Solar and Wind produced less than one percent of total world energy in 2016 – IEA WEO 2017

    UC Davis Peer Reviewed Study: It Will Take 131 Years to Replace Oil with Alternatives
    (Malyshkina, 2010)

    University of Chicago Peer Reviewed Study: predicts world economy unlikely to stop relying on fossil fuels (Covert, 2016)

    Shortage of resources for renewable energy and food production (Rhodes 2011)

    Top scientists show why powering US using 100 percent renewable energy is a delusional fantasy

    Why sustainable power is unsustainable

    Renewable energy mix played role in SA blackout, third AEMO report confirms

    At this rate, it’s going to take nearly 400 years to transform the energy system

    Desert sun in Qatar too hot for solar panels to work

    Air Pollution Casts Shadow over Solar Energy Production

    Germany’s Expensive Gamble on Renewable Energy

    Germany Runs Up Against the Limits of Renewables

    The Curse of Energy Efficiency (Jevon’s Paradox)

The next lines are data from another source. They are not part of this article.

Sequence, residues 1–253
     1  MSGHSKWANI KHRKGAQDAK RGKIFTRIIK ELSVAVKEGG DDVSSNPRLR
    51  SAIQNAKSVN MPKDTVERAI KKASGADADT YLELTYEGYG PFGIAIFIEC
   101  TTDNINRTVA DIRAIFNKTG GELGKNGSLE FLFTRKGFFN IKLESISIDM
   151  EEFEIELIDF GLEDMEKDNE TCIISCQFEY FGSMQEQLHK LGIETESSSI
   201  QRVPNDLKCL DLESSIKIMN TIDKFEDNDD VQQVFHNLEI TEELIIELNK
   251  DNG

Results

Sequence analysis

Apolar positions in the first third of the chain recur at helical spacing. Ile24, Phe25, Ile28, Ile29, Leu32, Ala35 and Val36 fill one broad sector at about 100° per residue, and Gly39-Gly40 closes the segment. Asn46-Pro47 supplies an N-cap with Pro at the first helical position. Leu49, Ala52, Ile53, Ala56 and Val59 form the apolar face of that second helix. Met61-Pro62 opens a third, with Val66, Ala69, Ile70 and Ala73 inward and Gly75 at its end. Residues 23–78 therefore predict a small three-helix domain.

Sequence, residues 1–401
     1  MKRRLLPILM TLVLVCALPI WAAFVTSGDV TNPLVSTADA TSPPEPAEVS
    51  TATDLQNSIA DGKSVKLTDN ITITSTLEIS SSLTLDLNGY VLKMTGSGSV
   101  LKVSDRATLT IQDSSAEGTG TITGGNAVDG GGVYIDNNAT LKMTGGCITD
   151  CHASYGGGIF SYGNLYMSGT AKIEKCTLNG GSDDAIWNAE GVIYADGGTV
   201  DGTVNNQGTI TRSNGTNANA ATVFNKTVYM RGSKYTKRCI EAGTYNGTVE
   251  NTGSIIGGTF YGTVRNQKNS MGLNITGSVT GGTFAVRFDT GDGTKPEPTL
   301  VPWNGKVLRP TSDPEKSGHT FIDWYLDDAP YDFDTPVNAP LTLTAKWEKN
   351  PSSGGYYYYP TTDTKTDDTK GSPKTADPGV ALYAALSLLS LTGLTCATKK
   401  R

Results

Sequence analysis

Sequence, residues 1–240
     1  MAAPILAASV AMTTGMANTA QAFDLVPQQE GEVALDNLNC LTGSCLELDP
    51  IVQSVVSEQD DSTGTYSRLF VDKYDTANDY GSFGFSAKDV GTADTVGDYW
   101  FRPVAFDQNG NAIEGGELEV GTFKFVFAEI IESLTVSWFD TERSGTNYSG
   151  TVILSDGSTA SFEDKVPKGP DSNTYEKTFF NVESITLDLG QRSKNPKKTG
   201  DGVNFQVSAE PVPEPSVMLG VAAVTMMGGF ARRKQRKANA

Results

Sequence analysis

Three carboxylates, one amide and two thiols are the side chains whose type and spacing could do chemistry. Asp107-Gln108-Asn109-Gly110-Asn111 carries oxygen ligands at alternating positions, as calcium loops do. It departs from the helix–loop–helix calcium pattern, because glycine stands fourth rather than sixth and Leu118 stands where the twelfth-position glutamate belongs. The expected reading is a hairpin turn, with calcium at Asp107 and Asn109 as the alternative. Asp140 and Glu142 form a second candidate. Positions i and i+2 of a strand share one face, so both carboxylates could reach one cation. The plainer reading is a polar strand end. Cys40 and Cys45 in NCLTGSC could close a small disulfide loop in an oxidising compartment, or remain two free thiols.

IEA Sees No Peak Oil Demand ‘Any Time Soon’

  5. MASTERMIND on Mon, 16th Apr 2018 10:38 pm 

    This dude is a fruit cake who doesn’t know shit about energy! The cost of batteries and solar and wind, could drop to zero. And it wouldn’t matter because they are worthless.

  6. dave thompson on Mon, 16th Apr 2018 10:39 pm 

    Boat,I do not see nukes as being “green” after you add in all of the FF inputs to build them and decommissioning costs to shut them down what do you end up with in the way of green?
    Yes Hydro might be considered “green” but the problem is that the sites that can be utilized, have all been taken with environmental issues that have been ignored such as methane release from standing reservoirs and destruction of fisheries.